6 Amazing Indie Games About Love

Celebrating indie game love in all of its forms.
February 16, 2020 11:56 AM by Morgan Shaver

February is a very romantic month thanks to its signature holiday, Valentine’s Day. While couples are the primary focus of Valentine’s Day, the month of February can be used to highlight examples of love that fall outside the traditional sense of the word.

You can celebrate familial love, the love you feel for a friend, or even the love you feel for a pet who’s stuck with you through good times and bad.

The word “love” reflects a complicated emotion comprised of countless layers and dimensions, all of them different and distinct. I’ve often seen this reflected in indie games where love is presented in ways that are both deliberate and subtle, romantic and platonic.

Indie games themselves are also examples of love as they’re made from the heart by passionate developers motivated by the sheer art of creation. Yes, you can feel love for your work and your hobbies. Why not? They’re things that keep you company and help you feel less alone.

To help celebrate love throughout the month of February, I want to share with you some amazing indie games about love – not only romantic love, though I will be including a few – but love of all types!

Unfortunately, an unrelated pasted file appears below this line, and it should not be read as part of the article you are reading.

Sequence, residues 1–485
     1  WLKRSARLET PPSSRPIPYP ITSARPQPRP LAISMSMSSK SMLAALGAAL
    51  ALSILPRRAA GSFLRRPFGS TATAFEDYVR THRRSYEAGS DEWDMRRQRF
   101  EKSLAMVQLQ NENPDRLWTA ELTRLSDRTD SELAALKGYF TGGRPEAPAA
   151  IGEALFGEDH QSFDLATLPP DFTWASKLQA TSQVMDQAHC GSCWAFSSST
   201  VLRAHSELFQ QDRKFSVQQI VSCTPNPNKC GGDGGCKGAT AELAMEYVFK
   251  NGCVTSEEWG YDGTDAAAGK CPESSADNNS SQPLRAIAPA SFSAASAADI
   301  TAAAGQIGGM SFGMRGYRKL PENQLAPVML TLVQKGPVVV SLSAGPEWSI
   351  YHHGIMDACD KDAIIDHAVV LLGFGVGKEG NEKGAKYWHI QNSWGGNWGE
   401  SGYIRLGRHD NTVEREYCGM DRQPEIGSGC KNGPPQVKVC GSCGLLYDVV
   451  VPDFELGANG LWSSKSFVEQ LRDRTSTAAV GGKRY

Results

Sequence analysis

6 Amazing Indie Games About Love

The 6 best indie games about love
Firewatch is a story about love, loss, friendship, and healing.
© Campo Santo


Firewatch tells the tale of long-distance friendship and the difficulty that comes with the experience of loss in an established relationship. In Firewatch, the loss isn’t separation or death, but rather the disintegration of familiarity as the main character's wife succumbs to early-onset dementia.

The amount of pain you’d feel in seeing your loved one forget you is indescribable, so it makes sense that Henry would want to run from the fiery destruction of his former life. He does this by taking a remote job with the Forest Service as a fire lookout.

As life has made his wife forget him, Henry yearns to forget her and forget that deep, burning pain.

As he gets pulled into the mysteries of his new job, he keeps constant contact with his new boss, Delilah. The only form of communication you’re given with Delilah is via walkie-talkie. You never see her, she never sees you.

There’s a nice push and pull feeling of reaching out to Delilah and, in turn, having her reach back out to you. In the process of conversing with one another, you’re able to cultivate a close friendship. You even have the ability to shape your conversation, like using responses that seek Delilah out in a more romantic sense.

The ending is always the same, though. You can’t run from your responsibilities or the past connections you’ve forged, and for the sake of avoiding spoilers, I’ll just say that in the end Henry grows as a person thanks in many ways to Delilah’s love and support.

Brothers: A Tale of Two Sons

Brothers: A Tale of Two Sons showcases the unbreakable bonds shared between brothers, and family as a whole.